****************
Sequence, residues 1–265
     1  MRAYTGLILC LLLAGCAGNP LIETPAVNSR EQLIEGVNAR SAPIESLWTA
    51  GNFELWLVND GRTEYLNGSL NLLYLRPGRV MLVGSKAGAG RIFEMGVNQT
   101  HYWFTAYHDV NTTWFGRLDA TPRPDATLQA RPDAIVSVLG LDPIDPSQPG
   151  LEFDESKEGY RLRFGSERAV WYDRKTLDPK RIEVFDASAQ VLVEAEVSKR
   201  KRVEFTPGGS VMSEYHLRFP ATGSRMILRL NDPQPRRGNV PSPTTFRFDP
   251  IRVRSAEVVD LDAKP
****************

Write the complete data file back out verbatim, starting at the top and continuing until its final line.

Sequence, residues 1–265
     1  MRAYTGLILC LLLAGCAGNP LIETPAVNSR EQLIEGVNAR SAPIESLWTA
    51  GNFELWLVND GRTEYLNGSL NLLYLRPGRV MLVGSKAGAG RIFEMGVNQT
   101  HYWFTAYHDV NTTWFGRLDA TPRPDATLQA RPDAIVSVLG LDPIDPSQPG
   151  LEFDESKEGY RLRFGSERAV WYDRKTLDPK RIEVFDASAQ VLVEAEVSKR
   201  KRVEFTPGGS VMSEYHLRFP ATGSRMILRL NDPQPRRGNV PSPTTFRFDP
   251  IRVRSAEVVD LDAKP